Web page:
It being the apex of summer, my friend and I gravitated toward the seasonal items on the menu, which comprised the majority of our selections. Tissue-thin shavings of fennel and neon-yellow celery hearts, strewn in a feathery line across an elongated plate, were book-ended by cubes of Paula Lambert cheese ($14). This gorgeous salad was undressed except for a few fronds of fresh dill and relied solely on the buttery, slightly salty cubes of cheese for contrast. While my friend thought the salad was bland (and she’s not a big fan of fennel either), I appreciated the light treatment which showcased the natural, grassy sweetness of the stalks.
Fat slices of ripe heirloom tomatoes blanketed with feta cheese and fresh herbs (tarragon standing out) were accompanied by batons of crisp, sweet watermelon. Dressed lightly with vinaigrette, this salad was simple, straightforward, and fresh.
But I’m not sure it was worth $18.
I’m not sure that my friend’s main course, which featured three fried squash blossoms stuffed with herbed goat cheese atop a bed of “rustic tomato sauce” (more like a chunky sun-dried tomato stew) was worth $18 either. But the buds were crunchy on the outside, hot and creamy on the inside and paired nicely with the thick, tangy-savory tomatoes.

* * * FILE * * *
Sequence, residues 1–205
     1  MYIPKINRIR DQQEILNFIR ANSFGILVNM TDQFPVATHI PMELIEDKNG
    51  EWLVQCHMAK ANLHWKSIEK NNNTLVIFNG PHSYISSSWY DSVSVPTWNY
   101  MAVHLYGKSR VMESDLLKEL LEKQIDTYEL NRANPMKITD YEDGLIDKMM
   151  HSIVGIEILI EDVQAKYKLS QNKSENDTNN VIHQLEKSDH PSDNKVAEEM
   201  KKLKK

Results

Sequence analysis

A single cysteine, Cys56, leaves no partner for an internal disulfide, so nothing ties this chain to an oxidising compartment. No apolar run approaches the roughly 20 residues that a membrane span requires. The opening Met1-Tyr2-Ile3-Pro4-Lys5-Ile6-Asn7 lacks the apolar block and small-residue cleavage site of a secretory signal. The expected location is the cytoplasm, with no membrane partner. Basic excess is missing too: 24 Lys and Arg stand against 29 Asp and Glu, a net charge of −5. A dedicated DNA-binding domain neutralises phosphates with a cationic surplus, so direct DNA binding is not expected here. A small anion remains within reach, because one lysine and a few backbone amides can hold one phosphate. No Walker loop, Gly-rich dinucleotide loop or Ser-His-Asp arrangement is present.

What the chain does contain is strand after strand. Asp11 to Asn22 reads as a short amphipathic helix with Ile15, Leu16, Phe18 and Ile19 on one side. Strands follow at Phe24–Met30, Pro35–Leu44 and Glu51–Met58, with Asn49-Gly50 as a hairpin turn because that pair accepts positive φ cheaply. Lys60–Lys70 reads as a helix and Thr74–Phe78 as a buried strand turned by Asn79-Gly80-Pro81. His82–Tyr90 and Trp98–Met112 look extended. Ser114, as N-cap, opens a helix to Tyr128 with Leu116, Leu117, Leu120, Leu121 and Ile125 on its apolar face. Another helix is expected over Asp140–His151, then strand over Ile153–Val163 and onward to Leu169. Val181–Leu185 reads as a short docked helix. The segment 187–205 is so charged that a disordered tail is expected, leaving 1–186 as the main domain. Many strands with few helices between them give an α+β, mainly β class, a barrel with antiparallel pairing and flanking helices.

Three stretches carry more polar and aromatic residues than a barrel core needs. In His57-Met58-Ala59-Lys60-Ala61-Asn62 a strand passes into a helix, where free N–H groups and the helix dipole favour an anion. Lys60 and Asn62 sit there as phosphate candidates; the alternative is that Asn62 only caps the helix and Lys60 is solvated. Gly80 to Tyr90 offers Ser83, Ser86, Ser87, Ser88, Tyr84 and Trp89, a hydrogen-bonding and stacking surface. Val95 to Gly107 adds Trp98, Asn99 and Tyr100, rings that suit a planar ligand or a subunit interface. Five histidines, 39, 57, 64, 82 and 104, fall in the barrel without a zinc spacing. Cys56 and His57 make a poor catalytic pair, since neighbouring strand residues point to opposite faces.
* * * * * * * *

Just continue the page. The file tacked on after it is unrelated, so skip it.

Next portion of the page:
The food is expensive, and it’s good. But it’s not extraordinary – certainly not enough to justify the price. I don’t know what the food was like when Dean Fearing was cooking at The Mansion on Turtle Creek. I imagine that it was very similar to what he’s serving at his new restaurant, Fearing’s at the Ritz Carlton, where I had lunch the two days before.
(Now I understand why Fearing’s is so expensive. The Tortilla Soup at both The Mansion (where’s it’s called “The Mansion Tortilla Soup”) and at Fearing’s (where it’s called “Dean’s Tortilla Soup”) is $15. It’s wonderful soup – probably the best thing I had at Fearing’s. But I didn’t feel the need to repeat the experience at The Mansion on Turtle Creek for that price.)
Having eaten at Fearing’s, I’d say that Fearing’s food is bolder and more vivid than Tesar’s at The Mansion. Fearing’s food has a character and a specific perspective that Tesar’s seems to lack.